"Fischl seems to be showing all, but what counts in his work is what is not stated, and can never be adequately stated. Fischl's pictures seem to promise us clarity about complex issues, but in fact suggest depth of a complexity that can never be fully deciphered. It is this that makes his pictures peculiarly opaque dreams, abysses of meaning we can never quiet climb out of once we have accepted their terms" (D. Kuspit, Fischl, New York 1987, p. 7).
The narrative that unfolds within Eric Fischl's Xmas Morn lies firmly within the disconcerting and ambiguous pictorial domain that Fischl has claimed as his own. Ostensibly a scene of what should be a festive family occasion, upon close examination the narrative begins to unravel to reveal an uncomfortable tableau that resembles anything but a happy Christmas. A mother stares blankly out at the viewer, startling us not only with her pained expression but also with the disheveled and chaotic nature of her appearance. Dressed only in her dressing gown and clutching a mug of coffee, her unkempt appearance is the antithesis of the bountiful image of motherhood that pervades the popular cultural fantasies surrounding this particular holiday. At her feet the older of her two children is engrossed with his new computer oblivious to anything or anyone around him, while her youngest child seems sadly left out of the ostensibly festive experience as he stands, half-dressed in his mother's shadow. By depicting in this way such a universally identifiable holiday as Christmas, with its high expectations of joy, happiness, and familial harmony, Xmas Morn becomes a striking example of Fischl's startlingly acute sense of the psychic split between our idealized expectations of life and the emotional and physical reality undermining them.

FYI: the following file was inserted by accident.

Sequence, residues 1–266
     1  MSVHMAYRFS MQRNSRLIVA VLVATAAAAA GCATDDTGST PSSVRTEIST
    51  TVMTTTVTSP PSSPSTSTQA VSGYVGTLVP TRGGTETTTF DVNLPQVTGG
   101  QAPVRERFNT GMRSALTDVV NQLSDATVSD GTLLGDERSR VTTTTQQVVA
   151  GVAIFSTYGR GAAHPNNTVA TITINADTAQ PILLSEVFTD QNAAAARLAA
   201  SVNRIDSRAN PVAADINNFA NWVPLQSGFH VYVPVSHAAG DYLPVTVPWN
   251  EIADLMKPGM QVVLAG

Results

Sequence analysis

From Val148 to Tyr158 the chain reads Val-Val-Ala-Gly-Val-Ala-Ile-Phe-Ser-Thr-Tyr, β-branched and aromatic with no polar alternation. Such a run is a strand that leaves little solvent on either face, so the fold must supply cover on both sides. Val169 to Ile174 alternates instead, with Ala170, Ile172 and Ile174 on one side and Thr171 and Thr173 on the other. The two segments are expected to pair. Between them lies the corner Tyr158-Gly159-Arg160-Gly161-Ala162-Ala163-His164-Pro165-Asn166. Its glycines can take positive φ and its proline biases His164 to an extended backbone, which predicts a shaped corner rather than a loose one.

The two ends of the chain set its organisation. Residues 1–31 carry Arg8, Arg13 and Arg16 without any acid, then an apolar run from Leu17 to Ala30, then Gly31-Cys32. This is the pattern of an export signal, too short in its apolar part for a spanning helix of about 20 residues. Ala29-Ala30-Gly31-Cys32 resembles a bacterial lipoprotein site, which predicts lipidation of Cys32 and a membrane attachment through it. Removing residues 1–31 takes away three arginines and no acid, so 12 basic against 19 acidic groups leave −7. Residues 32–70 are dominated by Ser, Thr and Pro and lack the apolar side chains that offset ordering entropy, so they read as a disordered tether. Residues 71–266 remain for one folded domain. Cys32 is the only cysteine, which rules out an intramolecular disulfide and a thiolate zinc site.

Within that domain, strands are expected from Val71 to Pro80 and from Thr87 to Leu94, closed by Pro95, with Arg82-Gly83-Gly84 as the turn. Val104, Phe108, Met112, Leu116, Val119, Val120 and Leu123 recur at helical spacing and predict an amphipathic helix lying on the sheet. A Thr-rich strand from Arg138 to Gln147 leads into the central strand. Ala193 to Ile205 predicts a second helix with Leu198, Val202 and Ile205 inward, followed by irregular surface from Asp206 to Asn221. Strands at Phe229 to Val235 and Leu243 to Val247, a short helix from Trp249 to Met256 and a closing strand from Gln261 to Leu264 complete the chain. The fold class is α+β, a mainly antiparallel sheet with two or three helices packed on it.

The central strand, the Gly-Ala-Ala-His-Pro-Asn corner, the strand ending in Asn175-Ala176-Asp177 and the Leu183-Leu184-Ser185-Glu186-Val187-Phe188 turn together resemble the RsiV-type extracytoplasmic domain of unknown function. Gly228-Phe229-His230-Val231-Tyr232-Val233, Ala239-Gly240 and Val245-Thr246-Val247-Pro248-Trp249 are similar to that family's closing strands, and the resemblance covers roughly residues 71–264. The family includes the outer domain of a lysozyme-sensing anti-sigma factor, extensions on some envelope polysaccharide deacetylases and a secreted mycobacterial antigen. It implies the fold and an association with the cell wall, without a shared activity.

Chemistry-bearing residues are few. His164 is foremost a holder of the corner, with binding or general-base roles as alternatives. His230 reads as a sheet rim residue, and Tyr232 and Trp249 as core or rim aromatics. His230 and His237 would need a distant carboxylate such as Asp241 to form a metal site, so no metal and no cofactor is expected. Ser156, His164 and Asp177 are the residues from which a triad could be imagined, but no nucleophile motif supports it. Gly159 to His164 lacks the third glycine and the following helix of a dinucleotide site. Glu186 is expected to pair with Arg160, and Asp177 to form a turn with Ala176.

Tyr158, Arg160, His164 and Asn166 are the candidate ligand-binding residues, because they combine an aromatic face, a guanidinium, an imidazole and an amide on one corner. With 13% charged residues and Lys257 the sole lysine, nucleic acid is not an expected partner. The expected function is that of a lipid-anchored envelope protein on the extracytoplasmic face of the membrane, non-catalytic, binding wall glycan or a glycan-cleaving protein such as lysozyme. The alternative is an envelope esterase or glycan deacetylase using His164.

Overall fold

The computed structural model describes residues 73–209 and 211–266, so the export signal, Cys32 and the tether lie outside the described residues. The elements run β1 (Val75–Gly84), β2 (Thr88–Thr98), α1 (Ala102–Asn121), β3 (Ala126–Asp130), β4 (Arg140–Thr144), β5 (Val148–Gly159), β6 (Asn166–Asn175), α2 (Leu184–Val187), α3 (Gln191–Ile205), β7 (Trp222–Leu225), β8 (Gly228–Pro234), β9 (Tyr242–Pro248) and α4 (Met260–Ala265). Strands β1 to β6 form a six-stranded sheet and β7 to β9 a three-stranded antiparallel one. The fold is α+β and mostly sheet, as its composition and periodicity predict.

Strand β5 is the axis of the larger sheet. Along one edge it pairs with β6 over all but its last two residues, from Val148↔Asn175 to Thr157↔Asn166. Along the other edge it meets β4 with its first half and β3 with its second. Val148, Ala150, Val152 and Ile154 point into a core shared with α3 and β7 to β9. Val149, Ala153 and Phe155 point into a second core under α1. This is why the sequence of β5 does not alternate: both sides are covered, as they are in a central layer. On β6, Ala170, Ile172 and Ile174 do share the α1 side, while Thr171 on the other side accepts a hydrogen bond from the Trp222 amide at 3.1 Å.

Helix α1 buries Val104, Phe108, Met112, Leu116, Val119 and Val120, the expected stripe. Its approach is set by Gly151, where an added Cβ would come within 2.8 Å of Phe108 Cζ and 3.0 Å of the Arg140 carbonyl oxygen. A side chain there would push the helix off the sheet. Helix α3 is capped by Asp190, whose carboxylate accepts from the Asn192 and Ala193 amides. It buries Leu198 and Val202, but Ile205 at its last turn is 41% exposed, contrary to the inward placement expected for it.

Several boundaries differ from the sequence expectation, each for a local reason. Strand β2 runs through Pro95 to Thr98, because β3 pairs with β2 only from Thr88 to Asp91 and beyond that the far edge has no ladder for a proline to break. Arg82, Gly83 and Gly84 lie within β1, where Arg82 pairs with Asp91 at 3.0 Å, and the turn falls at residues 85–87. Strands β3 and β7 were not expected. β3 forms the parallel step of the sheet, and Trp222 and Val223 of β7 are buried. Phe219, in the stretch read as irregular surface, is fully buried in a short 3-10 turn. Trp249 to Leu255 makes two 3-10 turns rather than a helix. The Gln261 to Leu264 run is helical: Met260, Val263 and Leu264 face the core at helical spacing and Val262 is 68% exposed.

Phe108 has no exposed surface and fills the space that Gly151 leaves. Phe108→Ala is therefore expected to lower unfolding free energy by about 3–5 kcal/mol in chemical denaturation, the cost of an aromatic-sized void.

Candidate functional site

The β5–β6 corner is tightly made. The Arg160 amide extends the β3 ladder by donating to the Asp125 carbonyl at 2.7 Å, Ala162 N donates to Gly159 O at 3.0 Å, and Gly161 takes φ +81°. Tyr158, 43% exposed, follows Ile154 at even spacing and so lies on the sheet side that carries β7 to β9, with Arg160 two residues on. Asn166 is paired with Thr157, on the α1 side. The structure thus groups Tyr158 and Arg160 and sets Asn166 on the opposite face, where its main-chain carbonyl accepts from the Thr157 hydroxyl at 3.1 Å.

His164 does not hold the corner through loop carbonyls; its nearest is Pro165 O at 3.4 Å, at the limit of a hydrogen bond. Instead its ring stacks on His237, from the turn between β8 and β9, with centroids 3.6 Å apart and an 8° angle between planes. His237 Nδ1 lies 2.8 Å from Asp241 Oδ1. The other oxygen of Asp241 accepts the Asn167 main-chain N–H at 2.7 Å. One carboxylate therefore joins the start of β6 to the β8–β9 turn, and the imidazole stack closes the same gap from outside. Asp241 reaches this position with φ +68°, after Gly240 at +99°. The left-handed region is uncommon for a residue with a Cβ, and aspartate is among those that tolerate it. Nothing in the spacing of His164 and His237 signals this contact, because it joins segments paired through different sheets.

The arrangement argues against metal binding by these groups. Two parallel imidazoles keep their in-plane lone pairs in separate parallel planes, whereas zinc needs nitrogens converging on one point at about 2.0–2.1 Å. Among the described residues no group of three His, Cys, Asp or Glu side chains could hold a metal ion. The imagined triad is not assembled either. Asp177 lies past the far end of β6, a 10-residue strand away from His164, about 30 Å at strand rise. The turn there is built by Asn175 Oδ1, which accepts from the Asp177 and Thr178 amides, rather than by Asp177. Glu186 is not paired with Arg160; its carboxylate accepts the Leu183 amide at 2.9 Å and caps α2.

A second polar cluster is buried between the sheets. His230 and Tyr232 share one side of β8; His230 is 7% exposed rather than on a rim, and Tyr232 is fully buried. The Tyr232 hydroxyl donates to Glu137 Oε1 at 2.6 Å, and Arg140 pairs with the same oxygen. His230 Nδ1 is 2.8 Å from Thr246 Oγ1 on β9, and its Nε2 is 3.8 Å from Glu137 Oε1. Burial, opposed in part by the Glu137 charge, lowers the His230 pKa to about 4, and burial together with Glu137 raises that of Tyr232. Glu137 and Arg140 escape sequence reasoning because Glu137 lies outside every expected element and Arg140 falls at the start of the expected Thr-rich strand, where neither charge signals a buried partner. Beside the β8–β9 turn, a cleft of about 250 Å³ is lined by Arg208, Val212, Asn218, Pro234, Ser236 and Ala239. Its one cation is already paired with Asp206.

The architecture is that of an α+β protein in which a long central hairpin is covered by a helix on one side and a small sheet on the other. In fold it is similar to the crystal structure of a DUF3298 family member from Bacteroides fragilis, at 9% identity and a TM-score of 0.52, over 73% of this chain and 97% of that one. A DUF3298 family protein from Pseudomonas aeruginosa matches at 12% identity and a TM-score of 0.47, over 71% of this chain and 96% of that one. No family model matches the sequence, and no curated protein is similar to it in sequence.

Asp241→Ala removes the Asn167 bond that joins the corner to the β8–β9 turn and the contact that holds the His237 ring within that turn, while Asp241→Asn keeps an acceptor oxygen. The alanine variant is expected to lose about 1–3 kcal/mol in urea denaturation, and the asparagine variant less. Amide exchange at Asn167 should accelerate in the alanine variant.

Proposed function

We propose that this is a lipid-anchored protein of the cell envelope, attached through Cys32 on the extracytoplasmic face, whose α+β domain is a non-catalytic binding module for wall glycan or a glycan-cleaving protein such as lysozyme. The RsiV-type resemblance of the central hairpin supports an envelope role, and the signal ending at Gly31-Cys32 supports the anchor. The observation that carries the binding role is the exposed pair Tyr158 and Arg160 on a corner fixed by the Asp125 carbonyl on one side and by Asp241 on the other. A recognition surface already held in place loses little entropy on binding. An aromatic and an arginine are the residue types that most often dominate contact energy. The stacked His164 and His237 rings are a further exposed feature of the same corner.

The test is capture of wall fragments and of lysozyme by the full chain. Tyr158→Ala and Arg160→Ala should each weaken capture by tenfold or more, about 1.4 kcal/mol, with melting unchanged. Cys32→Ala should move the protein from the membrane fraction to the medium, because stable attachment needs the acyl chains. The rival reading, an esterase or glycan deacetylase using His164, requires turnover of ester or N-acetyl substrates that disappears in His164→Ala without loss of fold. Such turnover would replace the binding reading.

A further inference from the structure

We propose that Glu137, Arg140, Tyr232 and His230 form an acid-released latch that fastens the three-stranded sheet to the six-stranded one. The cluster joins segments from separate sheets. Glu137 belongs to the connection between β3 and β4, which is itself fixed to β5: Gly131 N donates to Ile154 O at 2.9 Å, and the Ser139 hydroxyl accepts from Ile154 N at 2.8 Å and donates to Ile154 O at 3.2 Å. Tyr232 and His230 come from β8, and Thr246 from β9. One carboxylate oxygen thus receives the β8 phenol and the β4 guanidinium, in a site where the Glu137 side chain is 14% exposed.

Fischl's masterly paintings mark what many regard as the return of the human body to contemporary painting. His distinctive painterly style has drawn on the influences of a number of historical painters such as Edouard Manet, Edgar Degas, and American artists like Edward Hopper. But in contrast to the thousands of images of human female perfection that bombard our modern society, Fischl is a master at depicting an explicitly modern vision of the body in real time. Unlike the airbrushed perfection that permeates the world of advertising, Fischl's style renders the body with exacting, if cruel calm. It is this quality which is one of the defining features of Xmas Morn. The mother's face comes alive with the tired, fleshy folds and imperfections that become portraits from life of the character who inhabits it. Fischl's flesh is not the figment of an artist's idealizing imagination; for him, surface flesh is a signifier both of internal temperament and coolly observed presence.
However, Fischl's intentions are not to judge: he paints what he sees, but as a witness not a voyeur; he leaves the viewer to play that role. "The relationship between what something means and how it is stated - it is always in flux. It is always a matter of proportion. It is always a surprise. There is a seduction to description. The seduction is that anything can be described in its greatest and most precise detail, and to do so will yield its deepest truth. But emotions distort. They shrink or enlarge or color the forms of the world. They animate objects in surprising unnerving ways. This conflict between emotional needs and the pursuit of perfection is what gives my work its vulnerability" (E. Fischl, quoted in Eric Fischl: Paintings and Drawings 1979-2001, 2003, p. 99).